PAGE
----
(<Cell Sheet.A2>, <Cell Sheet.B2>, <Cell Sheet.C2>),
(<Cell Sheet.A3>, <Cell Sheet.B3>, <Cell Sheet.C3>),
(<Cell Sheet.A4>, <Cell Sheet.B4>, <Cell Sheet.C4>),
(<Cell Sheet.A5>, <Cell Sheet.B5>, <Cell Sheet.C5>),
(<Cell Sheet.A6>, <Cell Sheet.B6>, <Cell Sheet.C6>),
(<Cell Sheet.A7>, <Cell Sheet.B7>, <Cell Sheet.C7>),
(<Cell Sheet.A8>, <Cell Sheet.B8>, <Cell Sheet.C8>),
(<Cell Sheet.A9>, <Cell Sheet.B9>, <Cell Sheet.C9>))

or the Worksheet.columns property:

>>> tuple(ws.columns)
((<Cell Sheet.A1>,
<Cell Sheet.A2>,
<Cell Sheet.A3>,
<Cell Sheet.A4>,
<Cell Sheet.A5>,
<Cell Sheet.A6>,
<Cell Sheet.B7>,
<Cell Sheet.B8>,
<Cell Sheet.B9>),
(<Cell Sheet.C1>,
<Cell Sheet.C2>,
<Cell Sheet.C3>,
<Cell Sheet.C4>,
<Cell Sheet.C5>,
<Cell Sheet.C6>,
<Cell Sheet.C7>,
<Cell Sheet.C8>,
<Cell Sheet.C9>))


For performance reasons the Worksheet.columns property is not available in read-only mode.

Values only

If you just want the values from a worksheet you can use the Worksheet.values property. This iterates over all the rows in a worksheet but returns just the cell values:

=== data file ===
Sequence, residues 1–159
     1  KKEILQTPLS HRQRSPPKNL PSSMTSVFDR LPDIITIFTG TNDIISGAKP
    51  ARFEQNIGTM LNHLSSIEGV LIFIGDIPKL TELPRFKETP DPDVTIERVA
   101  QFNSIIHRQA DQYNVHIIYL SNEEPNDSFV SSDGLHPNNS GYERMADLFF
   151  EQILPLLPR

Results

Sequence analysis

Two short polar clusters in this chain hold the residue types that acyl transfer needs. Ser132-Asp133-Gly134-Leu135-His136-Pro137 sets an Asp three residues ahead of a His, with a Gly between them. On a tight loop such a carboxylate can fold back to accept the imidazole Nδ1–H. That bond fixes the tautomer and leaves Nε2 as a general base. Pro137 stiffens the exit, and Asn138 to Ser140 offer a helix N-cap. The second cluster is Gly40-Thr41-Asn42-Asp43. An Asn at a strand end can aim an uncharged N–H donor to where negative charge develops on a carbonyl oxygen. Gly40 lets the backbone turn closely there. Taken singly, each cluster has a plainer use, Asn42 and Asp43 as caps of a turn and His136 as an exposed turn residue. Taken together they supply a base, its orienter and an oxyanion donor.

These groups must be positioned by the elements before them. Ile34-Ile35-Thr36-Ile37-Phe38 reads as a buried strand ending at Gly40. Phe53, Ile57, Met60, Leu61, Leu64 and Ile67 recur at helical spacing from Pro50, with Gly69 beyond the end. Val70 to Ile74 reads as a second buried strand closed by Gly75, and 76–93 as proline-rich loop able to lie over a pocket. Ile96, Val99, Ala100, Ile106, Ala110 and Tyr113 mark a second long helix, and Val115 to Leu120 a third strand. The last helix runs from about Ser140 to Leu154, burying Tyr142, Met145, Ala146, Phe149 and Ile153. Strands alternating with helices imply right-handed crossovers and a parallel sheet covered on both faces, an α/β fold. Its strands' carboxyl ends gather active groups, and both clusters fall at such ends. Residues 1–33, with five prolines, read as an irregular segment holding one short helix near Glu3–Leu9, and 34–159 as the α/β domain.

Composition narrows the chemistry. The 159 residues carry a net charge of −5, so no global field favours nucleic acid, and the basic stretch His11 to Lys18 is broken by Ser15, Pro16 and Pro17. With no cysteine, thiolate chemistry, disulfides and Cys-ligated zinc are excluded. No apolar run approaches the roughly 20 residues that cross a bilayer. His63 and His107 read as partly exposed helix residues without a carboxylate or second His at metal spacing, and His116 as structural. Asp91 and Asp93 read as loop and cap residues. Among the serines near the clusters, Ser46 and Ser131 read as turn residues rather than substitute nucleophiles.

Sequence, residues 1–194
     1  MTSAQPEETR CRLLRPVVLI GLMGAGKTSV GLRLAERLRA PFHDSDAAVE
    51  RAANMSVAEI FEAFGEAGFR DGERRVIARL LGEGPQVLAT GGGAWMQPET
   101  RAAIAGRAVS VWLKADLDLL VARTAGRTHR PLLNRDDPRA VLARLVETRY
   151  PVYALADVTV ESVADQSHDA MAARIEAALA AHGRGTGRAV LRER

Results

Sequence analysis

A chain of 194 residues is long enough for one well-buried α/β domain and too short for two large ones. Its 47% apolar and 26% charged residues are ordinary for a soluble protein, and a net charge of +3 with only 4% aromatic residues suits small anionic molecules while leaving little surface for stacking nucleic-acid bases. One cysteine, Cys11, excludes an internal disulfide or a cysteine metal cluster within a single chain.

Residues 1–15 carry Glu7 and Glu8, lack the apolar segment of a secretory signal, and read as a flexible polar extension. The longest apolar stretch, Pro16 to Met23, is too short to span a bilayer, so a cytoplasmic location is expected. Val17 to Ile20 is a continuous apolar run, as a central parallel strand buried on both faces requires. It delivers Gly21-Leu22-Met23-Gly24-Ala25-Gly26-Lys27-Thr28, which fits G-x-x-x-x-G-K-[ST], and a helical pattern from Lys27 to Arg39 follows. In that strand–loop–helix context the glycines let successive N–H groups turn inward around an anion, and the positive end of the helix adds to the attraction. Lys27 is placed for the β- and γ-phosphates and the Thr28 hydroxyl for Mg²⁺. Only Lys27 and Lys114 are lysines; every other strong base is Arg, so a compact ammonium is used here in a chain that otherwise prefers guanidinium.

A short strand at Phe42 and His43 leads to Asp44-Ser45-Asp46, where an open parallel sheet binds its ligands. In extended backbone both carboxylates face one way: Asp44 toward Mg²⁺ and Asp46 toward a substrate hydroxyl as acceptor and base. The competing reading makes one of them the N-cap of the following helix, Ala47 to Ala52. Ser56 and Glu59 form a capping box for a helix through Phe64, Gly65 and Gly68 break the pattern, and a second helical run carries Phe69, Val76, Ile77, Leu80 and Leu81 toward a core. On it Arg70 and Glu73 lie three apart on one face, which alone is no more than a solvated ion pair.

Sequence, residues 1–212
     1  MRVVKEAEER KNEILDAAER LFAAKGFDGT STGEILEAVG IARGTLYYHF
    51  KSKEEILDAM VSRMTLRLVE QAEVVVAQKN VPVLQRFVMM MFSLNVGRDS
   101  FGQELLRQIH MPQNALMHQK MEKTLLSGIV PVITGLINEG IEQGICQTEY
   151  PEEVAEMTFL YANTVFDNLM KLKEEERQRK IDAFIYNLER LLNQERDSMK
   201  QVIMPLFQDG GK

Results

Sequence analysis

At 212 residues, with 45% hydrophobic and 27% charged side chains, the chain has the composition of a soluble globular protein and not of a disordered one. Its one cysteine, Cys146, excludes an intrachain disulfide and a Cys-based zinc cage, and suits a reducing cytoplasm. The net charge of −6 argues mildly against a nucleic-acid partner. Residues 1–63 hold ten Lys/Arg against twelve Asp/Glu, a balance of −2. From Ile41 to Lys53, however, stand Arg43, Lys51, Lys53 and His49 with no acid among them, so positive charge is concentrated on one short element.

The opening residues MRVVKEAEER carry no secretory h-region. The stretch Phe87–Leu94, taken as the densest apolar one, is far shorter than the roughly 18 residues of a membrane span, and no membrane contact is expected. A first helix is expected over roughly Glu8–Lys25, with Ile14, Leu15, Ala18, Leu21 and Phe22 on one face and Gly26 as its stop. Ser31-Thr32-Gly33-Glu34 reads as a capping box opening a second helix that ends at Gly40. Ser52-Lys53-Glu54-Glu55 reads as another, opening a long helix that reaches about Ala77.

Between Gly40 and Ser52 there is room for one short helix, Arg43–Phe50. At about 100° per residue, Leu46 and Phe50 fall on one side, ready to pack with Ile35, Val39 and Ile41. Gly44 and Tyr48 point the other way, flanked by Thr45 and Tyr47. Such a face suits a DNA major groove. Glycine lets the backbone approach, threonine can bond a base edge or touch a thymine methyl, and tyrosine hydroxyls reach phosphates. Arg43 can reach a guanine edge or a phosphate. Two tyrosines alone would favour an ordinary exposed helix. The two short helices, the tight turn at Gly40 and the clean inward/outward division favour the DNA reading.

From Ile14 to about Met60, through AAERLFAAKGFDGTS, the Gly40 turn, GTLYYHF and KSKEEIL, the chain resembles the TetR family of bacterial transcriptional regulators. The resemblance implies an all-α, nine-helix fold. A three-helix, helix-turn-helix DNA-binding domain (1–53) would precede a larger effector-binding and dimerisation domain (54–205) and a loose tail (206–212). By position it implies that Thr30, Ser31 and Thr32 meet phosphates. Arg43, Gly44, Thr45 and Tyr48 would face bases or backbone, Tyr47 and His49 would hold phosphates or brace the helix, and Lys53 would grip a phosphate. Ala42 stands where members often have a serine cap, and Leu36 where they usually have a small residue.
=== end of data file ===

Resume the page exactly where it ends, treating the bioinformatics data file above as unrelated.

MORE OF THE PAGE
for row in ws.values:
   for value in row:

Both Worksheet.iter_rows() and Worksheet.iter_cols() can take the values_only parameter to return just the cell’s value:

>>> for row in ws.iter_rows(min_row=1, max_col=3, max_row=2, values_only=True):
...   print(row)

(None, None, None)
(None, None, None)

Data storage

Once we have a Cell, we can assign it a value:

>>> c.value = 'hello, world'
>>> print(c.value)
'hello, world'

>>> d.value = 3.14
>>> print(d.value)

Saving to a file

The simplest and safest way to save a workbook is by using the Workbook.save() method of the Workbook object:

>>> wb = Workbook()
>>> wb.save('balances.xlsx')


This operation will overwrite existing files without warning.


The filename extension is not forced to be xlsx or xlsm, although you might have some trouble opening it directly with another application if you don’t use an official extension.

As OOXML files are basically ZIP files, you can also open it with your favourite ZIP archive manager.

If required, you can specify the attribute wb.template=True, to save a workbook as a template:

>>> wb = load_workbook('document.xlsx')
>>> wb.template = True
>>> wb.save('document_template.xltx')

Saving as a stream

If you want to save the file to a stream, e.g. when using a web application such as Pyramid, Flask or Django then you can simply provide a NamedTemporaryFile():